281And this I place as the first part of the work of the Spirit of supplication in believers, enabling them to pray according to the mind of God, which of themselves they know not how to do, as is afterward in the place of the apostle insisted on. When this is done, when a right apprehension of sin and grace, and of our concernment in them, is fixed on our minds, then have we in some measure the matter of prayer always in readiness; which words and expressions will easily follow, though the aid of the Holy Spirit be necessary thereunto also, as we shall afterward declare.

And hence it is that the duty performed with respect unto this part of the aid and assistance of the Spirit of God is of late by some (as was said) vilified and reproached. Formerly their exceptions lay all of them against some expressions or weakness of some persons in conceived prayer, which they liked not; but now scorn is poured out upon the matter of prayer itself, especially the humble and deep confessions of sin, which, on the discoveries before mentioned, are made in the supplications of ministers and others. The things themselves are traduced as absurd, foolish, and irrational, as all spiritual things are unto some sorts of men. Neither do I see how this disagreement is capable of any reconciliation; for they who have no light to discern those respects of sin and grace which we have mentioned cannot but think it uncouth to have them continually made the matter of men’s prayers. And those, on the other hand, who have received a light into them and acquaintance with them by the Spirit of God are troubled at nothing more than that they cannot sufficiently157157    “Omnino oportet nos orationis tempore curiam intrare cœlestem, illam utique curiam, in qua rex regum stellato sedet solio, circumdante innumerabili et ineffabili beatorum spirituum exercitu … Quanta ergo cum reverentia, quanto timore, quanta illuc humilitate accedere debet, à palude sua procedens et repens ranuncula vilis? Quam tremebundus, quam supplex, quam denique humilis et sollicitus, et toto intentus animo majestati gloriæ, in præsentia angelorum, in concilio justorum et congregatione assistere poterit miser homuncio?” — Bernard. Serm. de quatuor orandi modis. abase themselves under a sense of them, nor in any words fully express that impression on their minds which is put on them by the Holy Ghost, nor clothe their desires after grace and mercy with words sufficiently significant and emphatical. And therefore this difference is irreconcilable by any but the Spirit of God himself. Whilst it doth abide, those who have respect only unto what is discernible in the light of nature, or of a natural conscience, in their prayers will keep themselves unto general expressions and outward things, in words prepared unto that purpose by themselves or others, do we what we can to the contrary; for men will not be led beyond their own light, neither is it meet they should. And those who do receive the supplies of the Spirit in this matter will in their prayers be principally conversant about the spiritual, internal concernments of their souls in sin and grace, let others despise 282them and reproach them whilst they please. And it is in vain much to contend about these things, which are regulated not by arguments but by principles. Men will invincibly adhere unto the capacity of their light. Nothing can put an end to this difference but a more plentiful effusion of the Spirit from above; which, according unto the promise, we wait for.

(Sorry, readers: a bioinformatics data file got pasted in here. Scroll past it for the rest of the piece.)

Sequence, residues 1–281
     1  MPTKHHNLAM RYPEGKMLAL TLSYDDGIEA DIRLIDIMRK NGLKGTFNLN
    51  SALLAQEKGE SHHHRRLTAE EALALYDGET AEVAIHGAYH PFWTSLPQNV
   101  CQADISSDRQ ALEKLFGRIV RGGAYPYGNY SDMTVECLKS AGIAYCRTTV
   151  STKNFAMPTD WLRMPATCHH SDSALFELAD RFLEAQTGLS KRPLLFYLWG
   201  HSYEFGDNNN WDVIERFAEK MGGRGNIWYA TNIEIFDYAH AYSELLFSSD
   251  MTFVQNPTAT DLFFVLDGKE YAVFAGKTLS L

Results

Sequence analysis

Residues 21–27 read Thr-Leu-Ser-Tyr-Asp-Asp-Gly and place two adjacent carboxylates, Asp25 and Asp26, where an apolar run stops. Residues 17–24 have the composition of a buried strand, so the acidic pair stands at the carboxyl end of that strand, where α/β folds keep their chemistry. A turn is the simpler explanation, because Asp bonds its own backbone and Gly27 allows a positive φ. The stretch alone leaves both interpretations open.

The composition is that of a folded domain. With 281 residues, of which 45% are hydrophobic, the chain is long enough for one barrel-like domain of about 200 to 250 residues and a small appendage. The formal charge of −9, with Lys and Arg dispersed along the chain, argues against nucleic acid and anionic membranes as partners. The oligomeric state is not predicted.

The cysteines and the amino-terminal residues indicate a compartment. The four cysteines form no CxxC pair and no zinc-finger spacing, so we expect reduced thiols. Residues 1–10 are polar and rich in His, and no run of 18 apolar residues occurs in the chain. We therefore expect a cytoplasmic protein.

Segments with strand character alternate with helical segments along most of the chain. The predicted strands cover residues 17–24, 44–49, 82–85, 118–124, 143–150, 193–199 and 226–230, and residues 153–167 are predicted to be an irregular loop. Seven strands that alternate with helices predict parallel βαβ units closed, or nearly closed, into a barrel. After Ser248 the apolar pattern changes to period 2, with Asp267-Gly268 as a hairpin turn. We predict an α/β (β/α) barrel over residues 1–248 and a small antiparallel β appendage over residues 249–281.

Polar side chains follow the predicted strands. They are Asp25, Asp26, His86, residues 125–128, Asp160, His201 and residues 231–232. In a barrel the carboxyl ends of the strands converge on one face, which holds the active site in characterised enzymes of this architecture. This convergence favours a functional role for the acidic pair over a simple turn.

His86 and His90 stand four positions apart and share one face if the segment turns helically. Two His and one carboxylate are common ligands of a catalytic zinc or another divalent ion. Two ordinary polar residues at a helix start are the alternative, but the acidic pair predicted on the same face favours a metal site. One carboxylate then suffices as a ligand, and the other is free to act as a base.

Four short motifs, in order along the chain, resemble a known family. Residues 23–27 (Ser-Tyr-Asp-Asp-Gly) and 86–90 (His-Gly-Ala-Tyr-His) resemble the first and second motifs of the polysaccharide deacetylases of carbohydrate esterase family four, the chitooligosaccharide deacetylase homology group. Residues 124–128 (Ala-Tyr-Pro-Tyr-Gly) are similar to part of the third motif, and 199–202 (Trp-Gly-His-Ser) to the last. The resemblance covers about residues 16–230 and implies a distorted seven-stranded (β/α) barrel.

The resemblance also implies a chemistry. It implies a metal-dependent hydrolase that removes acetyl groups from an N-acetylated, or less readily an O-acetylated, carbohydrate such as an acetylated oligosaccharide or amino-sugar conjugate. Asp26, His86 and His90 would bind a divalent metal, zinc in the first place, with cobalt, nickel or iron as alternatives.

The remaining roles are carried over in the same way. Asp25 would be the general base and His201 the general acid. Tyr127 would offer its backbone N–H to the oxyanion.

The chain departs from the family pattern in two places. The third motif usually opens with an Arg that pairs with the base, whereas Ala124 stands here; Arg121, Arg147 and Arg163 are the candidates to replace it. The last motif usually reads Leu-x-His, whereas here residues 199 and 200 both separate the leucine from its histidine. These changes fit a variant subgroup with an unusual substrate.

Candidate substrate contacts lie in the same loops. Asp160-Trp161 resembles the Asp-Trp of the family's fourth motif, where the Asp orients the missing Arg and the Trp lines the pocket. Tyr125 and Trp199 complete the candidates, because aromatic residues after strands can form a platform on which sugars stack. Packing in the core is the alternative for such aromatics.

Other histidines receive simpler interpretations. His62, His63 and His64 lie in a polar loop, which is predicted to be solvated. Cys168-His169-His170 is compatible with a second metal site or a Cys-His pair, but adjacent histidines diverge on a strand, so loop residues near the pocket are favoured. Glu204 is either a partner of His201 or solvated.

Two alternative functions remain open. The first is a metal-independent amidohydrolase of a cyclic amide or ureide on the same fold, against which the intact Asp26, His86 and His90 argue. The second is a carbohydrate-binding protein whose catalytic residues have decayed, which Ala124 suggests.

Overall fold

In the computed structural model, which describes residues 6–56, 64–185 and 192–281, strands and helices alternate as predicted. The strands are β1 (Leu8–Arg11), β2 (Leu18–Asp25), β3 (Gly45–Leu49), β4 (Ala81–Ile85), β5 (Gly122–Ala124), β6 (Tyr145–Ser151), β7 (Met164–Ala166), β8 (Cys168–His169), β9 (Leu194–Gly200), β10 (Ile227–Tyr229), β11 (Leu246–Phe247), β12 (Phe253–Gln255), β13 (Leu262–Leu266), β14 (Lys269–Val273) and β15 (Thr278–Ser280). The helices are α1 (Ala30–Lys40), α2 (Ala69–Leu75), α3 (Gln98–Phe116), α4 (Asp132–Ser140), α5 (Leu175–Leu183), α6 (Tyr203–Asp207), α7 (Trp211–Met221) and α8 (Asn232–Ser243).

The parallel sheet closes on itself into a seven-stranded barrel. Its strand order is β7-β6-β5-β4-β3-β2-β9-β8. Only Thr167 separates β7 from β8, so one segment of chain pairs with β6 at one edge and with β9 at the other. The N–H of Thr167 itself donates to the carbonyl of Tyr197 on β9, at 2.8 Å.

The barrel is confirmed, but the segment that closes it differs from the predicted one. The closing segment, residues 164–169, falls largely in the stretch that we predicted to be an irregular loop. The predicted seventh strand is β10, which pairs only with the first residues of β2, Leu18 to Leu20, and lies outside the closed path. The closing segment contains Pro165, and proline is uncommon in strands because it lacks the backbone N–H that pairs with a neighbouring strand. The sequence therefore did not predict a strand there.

Secondly, We know not what to pray for as we ought, but the Holy Ghost acquaints us with the grace and mercy which are prepared in the promises of God for our relief. That the knowledge hereof is necessary, to enable us to direct our prayers unto God in a due manner, I declared before, and I suppose it will not be denied; for, what do we pray for? what do we take a prospect and design of in our supplications? what is it we desire to be made partakers of? Praying only by saying or repeating so many words of prayer, whose sense and meaning those who make use of them perhaps understand not, as in the Papacy, or so as to rest in the saying or repetition of them without an especial design of obtaining some thing or things which we make known in our supplications, is unworthy the disciples of Christ, indeed of rational creatures. “Deal thus with thy governor, will he be pleased with thee, or accept thy person?” as Mal. i. 8. Neither ruler, nor friend, nor neighbour, would accept it at our hands, if we should constantly make solemn addresses unto them without any especial design. We must “pray with our understanding;” that is, understand what we pray for. And these things are no other but what God hath promised; which if we are not regulated by in our supplications, we “ask amiss.” It is, therefore, indispensably necessary unto prayer that we should know what God hath promised, or that we should have an understanding of the grace and mercy of the promises. God knoweth our wants, what is good for us, what is useful to us, what is necessary to bring us unto the enjoyment of himself, infinitely better than we do ourselves; yea, we know nothing of these things but what he is pleased to teach us. These are the things which he hath “prepared” for us, as the apostle speaks, 1 Cor. ii. 9; and what he hath so prepared he declareth in the promises of the covenant, for they are the declaration of the grace and good pleasure which he hath purposed in himself. And hence believers may learn what is good for them, and what is wanting unto them in the promises, more clearly and certainly than by any other means whatever. From them, therefore, do we learn what to pray for as we ought. And this is another reason why men are so barren in their supplications, they know not what to pray for, but are forced to betake themselves unto a confused repetition of the same requests, — namely, their ignorance of the promises of God, and the grace exhibited in them. Our inquiry, therefore, is, by what way or means 283we come to an acquaintance with these promises, which all believers have in some measure, some more full and distinct than others, but all in a useful sufficiency. And this, we say, is by the Spirit of God, without whose aid and assistance we can neither understand them nor what is contained in them.